According to NOW Toronto, the producers of Frozen II have entered into a contract with the Sámi people—the Indigenous people of the Scandinavian regions—to ensure that they portray the culture with respect.

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Though there was not a direct portrayal of the Sámi in the first Frozen movie, the choral chant that opens the film was inspired by an ancient Sámi vocal tradition. In addition, the clothing worn by Kristoff closely resembled what a Sámi reindeer herder would wear. The inclusion of these elements of Sámi culture with no context or acknowledgement sparked conversations about cultural appropriation and erasure on social media.

Frozen II features Indigenous culture much more directly, and even addressed the issue of Indigenous erasure. Filmmakers Jennifer Lee and Chris Buck, along with producer Peter Del Vecho, consulted with experts on how to do that respectfully—the experts, of course, being the Sámi people themselves.

Sámi leaders met with Disney producer Peter Del Vecho in September 2019.Sámediggi Sametinget/Flickr

The Sámi parliaments of Norway, Sweden and Finland, and the non-governmental Saami Council reached out to the filmmakers when they found out their culture would be highlighted in the film. They formed a Sámi expert advisory group, called Verddet, to assist filmmakers in with how to accurately and respectfully portray Sámi culture, history, and society.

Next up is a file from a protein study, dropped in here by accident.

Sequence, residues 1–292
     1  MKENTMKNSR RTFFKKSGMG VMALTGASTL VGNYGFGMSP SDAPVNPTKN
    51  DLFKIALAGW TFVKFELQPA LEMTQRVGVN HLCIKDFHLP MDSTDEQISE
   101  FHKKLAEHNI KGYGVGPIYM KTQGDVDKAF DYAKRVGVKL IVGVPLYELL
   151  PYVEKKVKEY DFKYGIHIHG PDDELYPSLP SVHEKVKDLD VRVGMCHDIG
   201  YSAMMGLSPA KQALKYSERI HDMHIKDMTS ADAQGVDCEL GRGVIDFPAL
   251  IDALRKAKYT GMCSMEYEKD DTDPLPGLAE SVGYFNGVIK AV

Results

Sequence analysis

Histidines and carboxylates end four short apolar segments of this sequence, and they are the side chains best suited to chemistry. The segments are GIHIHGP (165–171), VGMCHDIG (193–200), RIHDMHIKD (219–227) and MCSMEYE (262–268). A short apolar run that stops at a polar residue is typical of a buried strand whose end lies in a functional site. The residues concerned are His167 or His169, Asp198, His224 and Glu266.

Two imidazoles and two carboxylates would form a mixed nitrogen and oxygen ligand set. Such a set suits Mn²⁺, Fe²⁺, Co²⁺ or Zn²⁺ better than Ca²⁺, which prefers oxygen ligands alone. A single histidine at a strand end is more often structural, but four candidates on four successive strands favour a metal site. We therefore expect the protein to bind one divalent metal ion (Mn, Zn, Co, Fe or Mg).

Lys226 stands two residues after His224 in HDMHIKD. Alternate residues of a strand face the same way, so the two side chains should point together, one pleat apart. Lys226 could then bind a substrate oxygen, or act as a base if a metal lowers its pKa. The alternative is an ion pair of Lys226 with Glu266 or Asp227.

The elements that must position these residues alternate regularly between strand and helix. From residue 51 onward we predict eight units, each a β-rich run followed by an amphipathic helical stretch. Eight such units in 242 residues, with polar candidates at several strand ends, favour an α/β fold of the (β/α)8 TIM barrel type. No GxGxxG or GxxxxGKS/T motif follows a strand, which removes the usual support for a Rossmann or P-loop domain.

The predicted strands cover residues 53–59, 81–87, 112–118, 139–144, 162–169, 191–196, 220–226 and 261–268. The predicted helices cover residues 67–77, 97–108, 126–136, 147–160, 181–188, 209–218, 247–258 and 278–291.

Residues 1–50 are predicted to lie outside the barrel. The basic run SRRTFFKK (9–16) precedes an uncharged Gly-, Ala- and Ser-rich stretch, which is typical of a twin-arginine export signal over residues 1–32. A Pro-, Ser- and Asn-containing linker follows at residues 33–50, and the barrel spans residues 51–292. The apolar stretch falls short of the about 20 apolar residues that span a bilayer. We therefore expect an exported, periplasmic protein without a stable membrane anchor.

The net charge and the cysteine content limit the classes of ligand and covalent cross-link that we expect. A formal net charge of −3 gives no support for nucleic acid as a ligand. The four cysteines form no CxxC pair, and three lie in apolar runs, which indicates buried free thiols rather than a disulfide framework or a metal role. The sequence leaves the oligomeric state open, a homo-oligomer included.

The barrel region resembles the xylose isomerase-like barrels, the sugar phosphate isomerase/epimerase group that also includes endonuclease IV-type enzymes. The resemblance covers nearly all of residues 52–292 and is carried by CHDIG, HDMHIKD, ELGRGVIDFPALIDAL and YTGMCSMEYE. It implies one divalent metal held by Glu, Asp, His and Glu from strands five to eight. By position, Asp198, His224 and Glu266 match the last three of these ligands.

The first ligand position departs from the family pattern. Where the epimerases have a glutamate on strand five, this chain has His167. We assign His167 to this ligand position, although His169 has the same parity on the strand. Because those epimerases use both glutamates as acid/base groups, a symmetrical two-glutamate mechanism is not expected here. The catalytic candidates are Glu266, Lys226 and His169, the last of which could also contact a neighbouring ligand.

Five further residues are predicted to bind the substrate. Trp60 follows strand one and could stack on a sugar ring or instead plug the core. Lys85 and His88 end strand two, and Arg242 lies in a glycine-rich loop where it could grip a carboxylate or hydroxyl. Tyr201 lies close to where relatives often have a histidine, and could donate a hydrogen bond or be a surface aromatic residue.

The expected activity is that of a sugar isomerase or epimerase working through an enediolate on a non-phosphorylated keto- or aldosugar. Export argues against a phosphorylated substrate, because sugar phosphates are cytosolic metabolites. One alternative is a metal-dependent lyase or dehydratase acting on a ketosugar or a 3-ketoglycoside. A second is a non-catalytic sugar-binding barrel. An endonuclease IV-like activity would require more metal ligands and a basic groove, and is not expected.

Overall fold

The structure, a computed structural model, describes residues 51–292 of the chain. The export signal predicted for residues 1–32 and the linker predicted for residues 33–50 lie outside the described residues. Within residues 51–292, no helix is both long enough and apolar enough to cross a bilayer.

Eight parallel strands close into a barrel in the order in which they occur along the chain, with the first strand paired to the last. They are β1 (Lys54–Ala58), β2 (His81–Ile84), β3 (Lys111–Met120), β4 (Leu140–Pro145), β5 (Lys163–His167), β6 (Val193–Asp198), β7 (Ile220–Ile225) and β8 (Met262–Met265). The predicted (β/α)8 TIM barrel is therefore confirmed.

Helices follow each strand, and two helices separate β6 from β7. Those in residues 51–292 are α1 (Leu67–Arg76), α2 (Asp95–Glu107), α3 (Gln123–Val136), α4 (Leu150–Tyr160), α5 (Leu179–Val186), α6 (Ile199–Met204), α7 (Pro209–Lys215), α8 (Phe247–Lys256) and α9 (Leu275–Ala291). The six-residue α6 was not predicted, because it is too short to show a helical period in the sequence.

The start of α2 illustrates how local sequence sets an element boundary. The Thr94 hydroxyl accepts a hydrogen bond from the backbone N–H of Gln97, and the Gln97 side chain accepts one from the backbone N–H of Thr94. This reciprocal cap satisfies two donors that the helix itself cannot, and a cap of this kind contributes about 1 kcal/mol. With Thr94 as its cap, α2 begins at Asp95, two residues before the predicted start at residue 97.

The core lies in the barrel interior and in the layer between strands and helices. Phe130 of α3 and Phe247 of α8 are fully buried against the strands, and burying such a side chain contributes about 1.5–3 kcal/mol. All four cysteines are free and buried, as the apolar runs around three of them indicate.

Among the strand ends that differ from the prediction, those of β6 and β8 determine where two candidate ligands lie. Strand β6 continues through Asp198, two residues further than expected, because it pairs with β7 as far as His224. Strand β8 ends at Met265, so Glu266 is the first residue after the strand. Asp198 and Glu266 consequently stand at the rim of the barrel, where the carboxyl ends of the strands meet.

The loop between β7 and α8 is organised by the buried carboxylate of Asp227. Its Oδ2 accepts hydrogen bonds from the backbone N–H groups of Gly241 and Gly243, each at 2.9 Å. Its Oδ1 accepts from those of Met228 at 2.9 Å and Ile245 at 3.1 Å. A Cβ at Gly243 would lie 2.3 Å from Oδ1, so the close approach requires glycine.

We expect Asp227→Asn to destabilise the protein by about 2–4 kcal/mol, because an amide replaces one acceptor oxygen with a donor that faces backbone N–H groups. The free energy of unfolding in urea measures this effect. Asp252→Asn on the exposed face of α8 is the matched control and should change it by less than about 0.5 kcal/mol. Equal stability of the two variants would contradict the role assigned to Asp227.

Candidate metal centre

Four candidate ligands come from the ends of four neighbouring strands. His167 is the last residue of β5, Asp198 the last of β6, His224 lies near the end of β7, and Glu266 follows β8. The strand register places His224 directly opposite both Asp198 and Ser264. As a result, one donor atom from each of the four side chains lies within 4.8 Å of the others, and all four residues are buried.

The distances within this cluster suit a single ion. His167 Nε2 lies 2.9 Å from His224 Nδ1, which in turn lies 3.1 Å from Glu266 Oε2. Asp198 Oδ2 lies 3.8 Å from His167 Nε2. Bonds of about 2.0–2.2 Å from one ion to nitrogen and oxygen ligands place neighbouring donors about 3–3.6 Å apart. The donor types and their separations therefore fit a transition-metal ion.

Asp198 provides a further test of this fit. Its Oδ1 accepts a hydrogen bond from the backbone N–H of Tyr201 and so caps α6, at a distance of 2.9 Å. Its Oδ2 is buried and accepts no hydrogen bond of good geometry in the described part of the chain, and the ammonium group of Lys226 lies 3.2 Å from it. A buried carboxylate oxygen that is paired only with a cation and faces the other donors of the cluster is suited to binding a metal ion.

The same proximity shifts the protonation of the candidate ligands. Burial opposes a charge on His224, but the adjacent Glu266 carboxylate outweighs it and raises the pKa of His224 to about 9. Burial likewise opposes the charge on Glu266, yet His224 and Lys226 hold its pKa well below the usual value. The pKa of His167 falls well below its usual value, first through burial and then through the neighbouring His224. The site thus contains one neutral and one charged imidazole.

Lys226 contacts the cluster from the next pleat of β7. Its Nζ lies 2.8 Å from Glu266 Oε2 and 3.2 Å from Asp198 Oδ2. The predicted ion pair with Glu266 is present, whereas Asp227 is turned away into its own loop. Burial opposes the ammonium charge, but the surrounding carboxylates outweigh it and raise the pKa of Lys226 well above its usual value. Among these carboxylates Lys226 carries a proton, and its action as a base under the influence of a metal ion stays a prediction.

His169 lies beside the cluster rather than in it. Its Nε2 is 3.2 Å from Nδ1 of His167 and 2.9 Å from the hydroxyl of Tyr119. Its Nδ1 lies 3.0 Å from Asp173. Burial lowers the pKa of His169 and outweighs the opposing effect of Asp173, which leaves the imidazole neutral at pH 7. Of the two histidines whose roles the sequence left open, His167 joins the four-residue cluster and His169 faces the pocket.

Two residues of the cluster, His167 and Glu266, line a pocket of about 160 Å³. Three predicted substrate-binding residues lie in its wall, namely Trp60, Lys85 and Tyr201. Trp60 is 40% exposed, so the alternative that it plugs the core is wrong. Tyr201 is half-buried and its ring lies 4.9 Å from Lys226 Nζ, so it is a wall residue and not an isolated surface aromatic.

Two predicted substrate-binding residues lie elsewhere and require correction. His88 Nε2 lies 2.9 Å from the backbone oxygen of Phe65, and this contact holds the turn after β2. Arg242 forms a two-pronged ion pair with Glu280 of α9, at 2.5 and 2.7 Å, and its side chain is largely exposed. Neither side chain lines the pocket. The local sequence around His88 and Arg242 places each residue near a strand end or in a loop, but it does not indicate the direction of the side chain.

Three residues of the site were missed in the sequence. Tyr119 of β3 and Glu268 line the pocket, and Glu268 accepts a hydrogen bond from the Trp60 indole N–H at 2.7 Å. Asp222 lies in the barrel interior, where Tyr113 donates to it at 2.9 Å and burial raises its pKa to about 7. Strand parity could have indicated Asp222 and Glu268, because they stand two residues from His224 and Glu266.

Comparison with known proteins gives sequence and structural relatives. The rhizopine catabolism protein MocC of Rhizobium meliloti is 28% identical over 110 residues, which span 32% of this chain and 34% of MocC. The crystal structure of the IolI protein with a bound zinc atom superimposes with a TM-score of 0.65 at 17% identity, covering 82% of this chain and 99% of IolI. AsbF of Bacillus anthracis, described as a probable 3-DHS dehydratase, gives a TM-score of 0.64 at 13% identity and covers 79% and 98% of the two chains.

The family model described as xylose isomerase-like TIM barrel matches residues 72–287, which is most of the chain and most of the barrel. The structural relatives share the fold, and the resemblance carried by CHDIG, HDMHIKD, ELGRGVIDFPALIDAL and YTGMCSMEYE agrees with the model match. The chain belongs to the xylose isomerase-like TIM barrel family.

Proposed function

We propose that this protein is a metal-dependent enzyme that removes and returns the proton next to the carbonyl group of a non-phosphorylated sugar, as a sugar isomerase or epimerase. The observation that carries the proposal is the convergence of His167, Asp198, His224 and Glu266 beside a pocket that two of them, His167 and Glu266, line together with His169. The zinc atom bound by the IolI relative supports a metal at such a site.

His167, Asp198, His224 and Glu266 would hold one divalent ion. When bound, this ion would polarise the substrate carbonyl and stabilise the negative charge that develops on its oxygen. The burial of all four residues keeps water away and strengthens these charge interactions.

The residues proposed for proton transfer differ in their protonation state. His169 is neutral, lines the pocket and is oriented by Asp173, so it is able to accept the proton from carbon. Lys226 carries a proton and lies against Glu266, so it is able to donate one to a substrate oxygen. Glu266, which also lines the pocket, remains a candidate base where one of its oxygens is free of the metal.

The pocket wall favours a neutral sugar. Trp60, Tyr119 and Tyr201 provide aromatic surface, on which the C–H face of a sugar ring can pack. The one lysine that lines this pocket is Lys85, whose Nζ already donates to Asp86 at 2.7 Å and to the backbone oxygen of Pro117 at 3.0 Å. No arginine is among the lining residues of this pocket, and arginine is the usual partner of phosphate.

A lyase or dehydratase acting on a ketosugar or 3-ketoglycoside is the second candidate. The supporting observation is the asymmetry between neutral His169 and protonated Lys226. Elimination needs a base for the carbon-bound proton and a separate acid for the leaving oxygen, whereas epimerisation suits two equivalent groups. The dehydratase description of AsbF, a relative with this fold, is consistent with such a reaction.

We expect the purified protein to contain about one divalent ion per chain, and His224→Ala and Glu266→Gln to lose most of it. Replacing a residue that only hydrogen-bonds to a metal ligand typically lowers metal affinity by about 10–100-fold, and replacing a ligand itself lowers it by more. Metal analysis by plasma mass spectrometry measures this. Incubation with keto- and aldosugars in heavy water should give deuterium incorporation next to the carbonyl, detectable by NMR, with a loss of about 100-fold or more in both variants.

In a contract signed by Walt Disney Animation Studios and Sámi leaders, the Sámi stated their position that "their collective and individual culture, including aesthetic elements, music, language, stories, histories, and other traditional cultural expressions are property that belong to the Sámi," and "that to adequately respect the rights that the Sámi have to and in their culture, it is necessary to ensure sensitivity, allow for free, prior, and informed consent, and ensure that adequate benefit sharing is employed."

RELATED: This aboriginal Australian used kindness and tea to trump the racism he overheard.

Disney agreed to work with the advisory group, to produce a version of Frozen II in one Sámi language, as well as to "pursue cross-learning opportunities" and "arrange for contributions back to the Sámi society."

Anne Lájla Utsi, managing director at the International Sámi Film Institute, was part of the Verddet advisory group. She told NOW, "This is a good example of how a big, international company like Disney acknowledges the fact that we own our own culture and stories. It hasn't happened before."

"Disney's team really wanted to make it right," said Utsi. "They didn't want to make any mistakes or hurt anybody. We felt that they took it seriously. And the film shows that. We in Verddet are truly proud of this collaboration."

Sounds like you've done well this time, Disney. Let's hope such cultural sensitivity and collaboration continues, and that other filmmakers and production companies will follow suit.